146 DIARY OF PATRICK GORDON. [168G   Haveing dyned, and hearing my trunks were come from Edinburgh

146 DIARY OF PATRICK GORDON. [168G Haveing dyned, and hearing my trunks were come from Edinburgh



Passages from the diary of General Patrick Gordon of Auchleuchries : A.D. 1635-A.D. 1699"


Haveing dyned, and hearing my trunks were come from Edinburgh,
I tooke horse and rod to Kelly,* where I was kindly welcomed by the
Earle of Aberdeen, and the Lord Haddo, his sunue. Wee had large
discourses of many things, and spoke at length of my owne particular ; and
haveing perused the charters and writeings of the lands of Achluichries,
wee found it convenient not to sell it, it being both well holden and well
worth the keeping.

After breakfast, I tooke horse and passed Ithan water by boat ; and it
being a very great raine, I made a visitt to the Laird of Shivee3,t and then
to the Milne of Drumwhendill, where the river Ebry being greatly en-
creassed and overflowing the banks, I was forced to stay at the Milne about
three houres, untill the water did fall a litle, and then rode the fuird with
great hazard and danger.:]: In passanto, I made a visitt at Coldwells,§ and
another at Dudwick,|| and takeing a standing drink at the Bony Wyfes, in
the evening, I came to my brother John his habitation.^

I rose up early, and walked up to the Kairne, and to the Karny Winke,
and then downe to my unkle, and about some part of the fields thereabout,
which I beheld to my great satisfaction and contentment, and dined by my
unkle. After dinner, my sister, with her husband and diverse ffriends, came to
see me. Towards evening, wee went over and supped by my brother John.

Nethermuir*" being come, wee consulted and spoke with my brother
John about his accompts. He gave in a long reckoning of expenses for my
children and effaires, wherewith I was no wise satisfyed ; so being to go
downe to Crowdan, wee deferr'd all to the next day. Haveing visitted
diverse gentlemen in the parish, I dined with my sister, and was very
merry ; and afterwards visiteing others, I returned at night to my brothers.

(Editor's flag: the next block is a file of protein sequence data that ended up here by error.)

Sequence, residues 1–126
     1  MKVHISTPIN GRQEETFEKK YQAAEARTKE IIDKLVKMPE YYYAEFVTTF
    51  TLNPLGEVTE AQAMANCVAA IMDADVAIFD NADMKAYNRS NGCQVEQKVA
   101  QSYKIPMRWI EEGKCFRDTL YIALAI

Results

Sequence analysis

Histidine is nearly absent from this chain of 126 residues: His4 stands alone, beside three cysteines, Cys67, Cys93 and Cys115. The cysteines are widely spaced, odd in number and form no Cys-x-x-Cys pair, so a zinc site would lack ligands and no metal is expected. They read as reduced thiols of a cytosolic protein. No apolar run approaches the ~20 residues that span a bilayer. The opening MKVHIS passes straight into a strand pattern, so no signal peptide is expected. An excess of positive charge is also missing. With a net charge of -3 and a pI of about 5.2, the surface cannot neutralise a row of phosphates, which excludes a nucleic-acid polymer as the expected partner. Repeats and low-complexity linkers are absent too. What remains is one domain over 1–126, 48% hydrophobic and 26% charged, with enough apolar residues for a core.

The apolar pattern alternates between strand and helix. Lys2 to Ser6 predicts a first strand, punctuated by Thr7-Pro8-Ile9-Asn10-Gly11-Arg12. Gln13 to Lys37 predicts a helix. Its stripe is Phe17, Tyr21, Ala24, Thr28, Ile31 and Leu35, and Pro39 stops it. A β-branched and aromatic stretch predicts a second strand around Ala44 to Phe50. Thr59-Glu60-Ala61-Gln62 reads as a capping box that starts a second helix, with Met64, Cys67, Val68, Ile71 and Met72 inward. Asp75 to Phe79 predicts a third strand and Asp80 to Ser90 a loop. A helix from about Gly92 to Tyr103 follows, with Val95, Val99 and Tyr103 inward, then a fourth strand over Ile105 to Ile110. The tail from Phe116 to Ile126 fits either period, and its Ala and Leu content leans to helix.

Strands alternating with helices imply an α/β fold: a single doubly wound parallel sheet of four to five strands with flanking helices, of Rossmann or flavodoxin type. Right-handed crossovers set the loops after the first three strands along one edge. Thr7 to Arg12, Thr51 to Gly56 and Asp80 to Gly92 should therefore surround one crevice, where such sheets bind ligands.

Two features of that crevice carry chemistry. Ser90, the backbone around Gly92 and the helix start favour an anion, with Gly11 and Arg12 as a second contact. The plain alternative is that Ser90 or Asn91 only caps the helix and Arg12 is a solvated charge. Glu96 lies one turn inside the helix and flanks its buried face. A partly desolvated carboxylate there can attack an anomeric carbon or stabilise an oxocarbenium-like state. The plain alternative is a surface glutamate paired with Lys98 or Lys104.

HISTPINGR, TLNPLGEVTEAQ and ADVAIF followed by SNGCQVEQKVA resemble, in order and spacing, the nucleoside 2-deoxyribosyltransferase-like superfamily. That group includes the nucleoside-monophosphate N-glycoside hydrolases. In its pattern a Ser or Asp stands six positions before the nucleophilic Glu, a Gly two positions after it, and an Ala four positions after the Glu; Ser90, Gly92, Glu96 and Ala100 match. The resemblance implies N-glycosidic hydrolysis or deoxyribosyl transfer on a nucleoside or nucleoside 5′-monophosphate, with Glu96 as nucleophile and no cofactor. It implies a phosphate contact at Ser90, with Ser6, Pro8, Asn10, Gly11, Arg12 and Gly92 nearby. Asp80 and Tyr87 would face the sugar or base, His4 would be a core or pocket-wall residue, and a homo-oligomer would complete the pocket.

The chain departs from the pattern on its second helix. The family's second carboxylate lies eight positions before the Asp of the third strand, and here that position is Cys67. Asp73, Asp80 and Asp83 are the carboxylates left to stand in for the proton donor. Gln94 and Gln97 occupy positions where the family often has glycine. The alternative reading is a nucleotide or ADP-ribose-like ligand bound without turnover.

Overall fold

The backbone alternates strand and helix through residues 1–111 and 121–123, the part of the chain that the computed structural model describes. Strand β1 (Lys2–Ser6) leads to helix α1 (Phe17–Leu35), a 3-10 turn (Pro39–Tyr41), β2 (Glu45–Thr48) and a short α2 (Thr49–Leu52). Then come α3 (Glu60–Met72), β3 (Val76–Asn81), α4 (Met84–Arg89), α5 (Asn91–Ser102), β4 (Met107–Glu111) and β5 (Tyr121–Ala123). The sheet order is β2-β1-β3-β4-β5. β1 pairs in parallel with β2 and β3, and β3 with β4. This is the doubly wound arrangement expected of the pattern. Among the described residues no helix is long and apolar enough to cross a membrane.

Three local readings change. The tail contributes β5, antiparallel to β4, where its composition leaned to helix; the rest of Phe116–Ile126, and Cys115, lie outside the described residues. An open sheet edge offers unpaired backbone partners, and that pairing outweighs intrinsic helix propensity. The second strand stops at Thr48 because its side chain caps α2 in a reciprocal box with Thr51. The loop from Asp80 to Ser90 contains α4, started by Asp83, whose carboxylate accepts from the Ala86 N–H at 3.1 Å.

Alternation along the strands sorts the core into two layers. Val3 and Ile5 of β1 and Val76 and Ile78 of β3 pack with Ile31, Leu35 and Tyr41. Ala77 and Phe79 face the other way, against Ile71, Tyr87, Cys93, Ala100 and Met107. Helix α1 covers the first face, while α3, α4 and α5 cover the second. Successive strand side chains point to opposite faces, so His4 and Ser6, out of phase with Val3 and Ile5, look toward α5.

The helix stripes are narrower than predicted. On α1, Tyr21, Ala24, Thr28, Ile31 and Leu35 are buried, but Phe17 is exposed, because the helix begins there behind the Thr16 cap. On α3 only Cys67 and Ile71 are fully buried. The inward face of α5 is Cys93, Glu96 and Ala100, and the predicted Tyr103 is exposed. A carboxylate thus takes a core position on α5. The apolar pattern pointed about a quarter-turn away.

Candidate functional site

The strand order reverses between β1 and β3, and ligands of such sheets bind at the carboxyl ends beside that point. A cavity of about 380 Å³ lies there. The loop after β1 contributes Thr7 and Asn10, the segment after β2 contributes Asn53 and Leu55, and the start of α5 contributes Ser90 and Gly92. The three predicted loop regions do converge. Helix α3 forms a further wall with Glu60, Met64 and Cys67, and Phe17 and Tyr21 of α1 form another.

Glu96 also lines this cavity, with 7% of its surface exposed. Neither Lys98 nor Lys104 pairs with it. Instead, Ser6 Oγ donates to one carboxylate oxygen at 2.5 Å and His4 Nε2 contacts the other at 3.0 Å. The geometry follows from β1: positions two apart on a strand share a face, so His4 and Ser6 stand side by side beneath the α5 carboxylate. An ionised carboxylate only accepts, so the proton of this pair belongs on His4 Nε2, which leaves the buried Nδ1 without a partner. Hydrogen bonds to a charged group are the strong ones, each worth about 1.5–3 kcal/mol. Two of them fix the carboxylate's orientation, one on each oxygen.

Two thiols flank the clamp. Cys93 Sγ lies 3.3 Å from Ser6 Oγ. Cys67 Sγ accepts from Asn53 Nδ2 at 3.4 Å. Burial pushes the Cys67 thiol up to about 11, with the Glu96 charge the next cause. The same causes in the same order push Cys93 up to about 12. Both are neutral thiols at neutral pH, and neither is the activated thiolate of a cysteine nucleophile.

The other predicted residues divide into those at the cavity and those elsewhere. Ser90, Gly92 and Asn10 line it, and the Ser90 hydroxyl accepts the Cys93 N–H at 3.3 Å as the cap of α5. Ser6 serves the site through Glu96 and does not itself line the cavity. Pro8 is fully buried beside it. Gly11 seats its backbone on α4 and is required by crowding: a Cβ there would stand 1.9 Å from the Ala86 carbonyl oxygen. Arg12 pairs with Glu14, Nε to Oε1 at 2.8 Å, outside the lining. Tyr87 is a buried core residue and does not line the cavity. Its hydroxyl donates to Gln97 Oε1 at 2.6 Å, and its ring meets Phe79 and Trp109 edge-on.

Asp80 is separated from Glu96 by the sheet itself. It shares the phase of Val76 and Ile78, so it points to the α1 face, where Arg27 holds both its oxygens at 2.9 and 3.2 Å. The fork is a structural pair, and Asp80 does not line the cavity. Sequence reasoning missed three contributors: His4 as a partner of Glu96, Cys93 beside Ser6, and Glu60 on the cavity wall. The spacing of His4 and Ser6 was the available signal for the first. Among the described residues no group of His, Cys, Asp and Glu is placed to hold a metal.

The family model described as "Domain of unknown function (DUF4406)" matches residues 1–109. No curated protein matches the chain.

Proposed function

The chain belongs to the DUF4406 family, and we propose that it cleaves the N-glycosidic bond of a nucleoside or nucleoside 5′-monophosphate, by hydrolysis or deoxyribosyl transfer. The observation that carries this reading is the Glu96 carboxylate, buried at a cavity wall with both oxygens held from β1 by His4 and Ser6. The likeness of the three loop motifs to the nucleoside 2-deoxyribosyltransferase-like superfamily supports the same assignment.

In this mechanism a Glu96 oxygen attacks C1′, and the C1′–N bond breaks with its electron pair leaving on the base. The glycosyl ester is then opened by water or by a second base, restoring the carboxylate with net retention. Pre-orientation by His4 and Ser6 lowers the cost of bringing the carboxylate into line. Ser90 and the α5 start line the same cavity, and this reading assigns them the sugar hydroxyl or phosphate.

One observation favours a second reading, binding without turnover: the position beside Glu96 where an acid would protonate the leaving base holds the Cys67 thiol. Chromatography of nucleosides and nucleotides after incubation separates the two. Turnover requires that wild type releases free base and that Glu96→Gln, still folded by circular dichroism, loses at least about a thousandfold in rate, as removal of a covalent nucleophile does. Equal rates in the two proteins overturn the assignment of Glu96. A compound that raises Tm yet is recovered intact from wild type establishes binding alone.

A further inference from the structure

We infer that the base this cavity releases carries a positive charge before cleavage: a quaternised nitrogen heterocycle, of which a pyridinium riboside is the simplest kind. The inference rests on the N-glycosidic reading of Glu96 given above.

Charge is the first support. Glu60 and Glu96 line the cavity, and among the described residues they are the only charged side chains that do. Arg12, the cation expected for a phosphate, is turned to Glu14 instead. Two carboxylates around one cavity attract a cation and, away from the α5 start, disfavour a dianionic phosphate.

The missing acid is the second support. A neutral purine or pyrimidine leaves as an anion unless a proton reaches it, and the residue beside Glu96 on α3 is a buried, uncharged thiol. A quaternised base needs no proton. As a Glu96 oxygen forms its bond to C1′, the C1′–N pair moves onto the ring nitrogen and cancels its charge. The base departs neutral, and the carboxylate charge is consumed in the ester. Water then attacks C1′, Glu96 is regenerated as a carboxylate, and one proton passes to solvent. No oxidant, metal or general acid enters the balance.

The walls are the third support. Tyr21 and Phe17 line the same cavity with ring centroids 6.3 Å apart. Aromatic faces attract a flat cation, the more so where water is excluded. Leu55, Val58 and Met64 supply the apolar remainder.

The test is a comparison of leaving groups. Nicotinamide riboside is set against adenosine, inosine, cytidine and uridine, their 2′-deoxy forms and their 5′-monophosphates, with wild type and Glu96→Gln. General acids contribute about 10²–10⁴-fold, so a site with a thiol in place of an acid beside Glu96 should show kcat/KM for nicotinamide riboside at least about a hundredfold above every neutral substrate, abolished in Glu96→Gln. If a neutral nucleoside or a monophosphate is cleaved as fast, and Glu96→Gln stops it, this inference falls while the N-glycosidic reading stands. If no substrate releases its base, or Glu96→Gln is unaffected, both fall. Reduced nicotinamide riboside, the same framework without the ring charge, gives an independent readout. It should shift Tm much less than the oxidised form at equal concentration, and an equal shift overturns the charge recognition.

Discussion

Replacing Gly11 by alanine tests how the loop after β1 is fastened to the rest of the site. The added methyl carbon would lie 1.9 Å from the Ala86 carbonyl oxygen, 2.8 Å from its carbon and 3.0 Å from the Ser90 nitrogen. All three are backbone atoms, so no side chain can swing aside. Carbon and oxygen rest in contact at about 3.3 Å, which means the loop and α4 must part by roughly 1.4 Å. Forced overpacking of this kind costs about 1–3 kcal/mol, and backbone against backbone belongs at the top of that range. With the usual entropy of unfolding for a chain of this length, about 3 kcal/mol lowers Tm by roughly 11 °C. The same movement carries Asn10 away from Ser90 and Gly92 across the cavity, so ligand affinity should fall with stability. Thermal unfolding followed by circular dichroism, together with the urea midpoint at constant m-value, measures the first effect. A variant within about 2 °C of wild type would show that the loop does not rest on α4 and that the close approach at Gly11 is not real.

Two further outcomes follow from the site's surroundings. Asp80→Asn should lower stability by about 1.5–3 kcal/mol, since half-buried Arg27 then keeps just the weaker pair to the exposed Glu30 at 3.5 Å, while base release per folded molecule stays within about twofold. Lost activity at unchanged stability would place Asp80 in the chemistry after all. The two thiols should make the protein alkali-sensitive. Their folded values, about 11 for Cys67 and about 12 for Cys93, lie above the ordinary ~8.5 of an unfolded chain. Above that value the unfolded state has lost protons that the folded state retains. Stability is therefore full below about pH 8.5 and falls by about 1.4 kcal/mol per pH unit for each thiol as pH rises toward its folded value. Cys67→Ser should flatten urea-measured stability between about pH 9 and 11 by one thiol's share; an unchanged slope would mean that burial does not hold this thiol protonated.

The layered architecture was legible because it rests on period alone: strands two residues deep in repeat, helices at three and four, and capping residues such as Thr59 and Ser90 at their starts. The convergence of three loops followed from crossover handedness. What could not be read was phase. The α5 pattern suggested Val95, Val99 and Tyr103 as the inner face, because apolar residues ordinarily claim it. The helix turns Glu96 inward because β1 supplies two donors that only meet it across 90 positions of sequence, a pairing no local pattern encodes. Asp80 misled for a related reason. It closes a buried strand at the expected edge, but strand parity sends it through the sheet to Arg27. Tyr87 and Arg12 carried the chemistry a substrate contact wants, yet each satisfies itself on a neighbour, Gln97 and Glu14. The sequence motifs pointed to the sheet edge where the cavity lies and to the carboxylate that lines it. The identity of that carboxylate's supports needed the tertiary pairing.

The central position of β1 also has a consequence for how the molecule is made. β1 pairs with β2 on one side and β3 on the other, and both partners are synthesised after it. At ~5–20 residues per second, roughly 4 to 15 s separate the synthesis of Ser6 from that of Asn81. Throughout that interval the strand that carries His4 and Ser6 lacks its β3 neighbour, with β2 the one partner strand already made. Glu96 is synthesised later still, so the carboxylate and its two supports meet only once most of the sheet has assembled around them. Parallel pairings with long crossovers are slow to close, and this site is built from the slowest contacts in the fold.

* [Now called Haddo House.] VIT , after the Rerolution, he was, by that

■f [(leorge Gray. The house of Schivas still prince, made chancellor of the diocese ot

kept by the old religion: hence, perhaps, its Dublin. Some years afterwards, he formally

motto, ' Faith is an anchor '] abjured the Reformed faith, by a writing which

I [' The Ebrie, in its ordinary volume, is of is printed in Le Quien's Nullito des Ordina-

no great account ; but in heavy rains, owing to tions Anglicanes, t. ii. p. 313. Paris, 1725. He

the unusual declivity of the banks along its died at Rome in 1726, at the age of eighty two.]

course, it swells into an imposing torrent : the |1 [Then possessed by the Fullertons, the

occasional fury of its passage has worn deep first of whom, a colonel in the French service,

holes in the channel, so that, from a harmless- was of the ancient faith. In the previous ge-

looking sti'eam, it sr)metimes proves a dange- neration, Dudwick belonged to General James

rous pit-fall.' (liuchan, by the Kev. John B. King, asoldier who distinguished himself in the

Pratt, p. 243. Aberd. 1858 )] 'J'hirty Years' War, and was created Lord

§[Ttieseatof a family which gave birth to Dr. Eytliin or Ythan, by King Charles f., in 1642.]

John Gordon, consecrated IJishop of Galloway S [Wcstertown of Auchleuchi'ies.j

•in 1688. Following the fortunes of King James ** [John Gordon.]

Gordon was brought up and remained a lifelong Roman Catholic, at a time when the Church was being persecuted in Scotland. At age of fifteen, he entered the Jesuit college at Braunsberg, East Prussia, then part of Poland. In 1661, after many years experiences as a soldier of fortune, he joined the Russian army under Tsar Aleksei I, and in 1665 was sent on a special mission to England. After his return, he distinguished himself in several wars against the Turks and Tatars in southern Russia. In recognition of his service he was promoted to major-general in 1678, was appointed to the high command at Kiev in 1679, and in 1683 was made lieutenant-general. In 1687 and 1689 he took part in expeditions against the Tatars in the Crimea, being made a full general. Later in 1689, a revolution broke out in Moscow, and with the troops under his command, Gordon virtually decided events in favor of Peter the Great against the Regent, Tsarevna Sophia Alekseyevna. Consequently, he was for the remainder of his life in high favor with the Tsar, who confided to him the command of his capital during his absence from Russia. In 1696, Gordon's design of a "moveable rampart" played a key role in helping the Russians take Azov. One of Gordon's convinced the Tsars to establish the first Roman Catholic church and school in Muscovy, of which he remained the main benefactor and headed the Catholic community in Russia until his death. For his services his second son James, brigadier of the Russian army, was created Count of the Holy Roman Empire in 1701. At the end of his life the Tsar, who had visited Gordon frequently during his illness, was with him when he died, and with his own hands closed his eyes. General Gordon left behind him a uniquely detailed diary of his life and times, written in English. This is preserved in manuscript in the Russian State Military Archive in Moscow. Passages from the Diary of General Patrick Gordon of Auchleuchries (1635–1699) was printed, under the editorship of Joseph Robertson, for the Spalding Club, at Aberdeen, Scotland, 1859.



1635 - 1699


Romanov Empire - Империя Романовых

Copyright info

No known copyright restrictions

Explore more

russian empire
russian empire